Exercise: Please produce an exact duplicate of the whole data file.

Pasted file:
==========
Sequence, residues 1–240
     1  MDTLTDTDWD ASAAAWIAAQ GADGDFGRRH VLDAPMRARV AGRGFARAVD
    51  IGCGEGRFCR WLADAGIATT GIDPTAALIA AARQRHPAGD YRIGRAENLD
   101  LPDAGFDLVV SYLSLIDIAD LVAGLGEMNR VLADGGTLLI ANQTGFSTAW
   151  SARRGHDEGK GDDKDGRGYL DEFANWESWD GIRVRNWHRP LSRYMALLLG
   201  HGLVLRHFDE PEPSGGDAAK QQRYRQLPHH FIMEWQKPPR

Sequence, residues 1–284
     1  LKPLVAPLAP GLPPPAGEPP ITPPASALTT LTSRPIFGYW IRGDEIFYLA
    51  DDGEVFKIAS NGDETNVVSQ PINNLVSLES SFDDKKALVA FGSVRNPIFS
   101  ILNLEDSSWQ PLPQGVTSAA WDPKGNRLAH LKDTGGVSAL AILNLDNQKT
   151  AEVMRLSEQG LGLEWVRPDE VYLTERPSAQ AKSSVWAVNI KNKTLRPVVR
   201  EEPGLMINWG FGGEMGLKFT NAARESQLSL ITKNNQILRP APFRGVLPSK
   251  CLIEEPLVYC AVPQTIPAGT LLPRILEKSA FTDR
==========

Sequence, residues 1–240
     1  MDTLTDTDWD ASAAAWIAAQ GADGDFGRRH VLDAPMRARV AGRGFARAVD
    51  IGCGEGRFCR WLADAGIATT GIDPTAALIA AARQRHPAGD YRIGRAENLD
   101  LPDAGFDLVV SYLSLIDIAD LVAGLGEMNR VLADGGTLLI ANQTGFSTAW
   151  SARRGHDEGK GDDKDGRGYL DEFANWESWD GIRVRNWHRP LSRYMALLLG
   201  HGLVLRHFDE PEPSGGDAAK QQRYRQLPHH FIMEWQKPPR

Sequence, residues 1–284
     1  LKPLVAPLAP GLPPPAGEPP ITPPASALTT LTSRPIFGYW IRGDEIFYLA
    51  DDGEVFKIAS NGDETNVVSQ PINNLVSLES SFDDKKALVA FGSVRNPIFS
   101  ILNLEDSSWQ PLPQGVTSAA WDPKGNRLAH LKDTGGVSAL AILNLDNQKT
   151  AEVMRLSEQG LGLEWVRPDE VYLTERPSAQ AKSSVWAVNI KNKTLRPVVR
   201  EEPGLMINWG FGGEMGLKFT NAARESQLSL ITKNNQILRP APFRGVLPSK
   251  CLIEEPLVYC AVPQTIPAGT LLPRILEKSA FTDR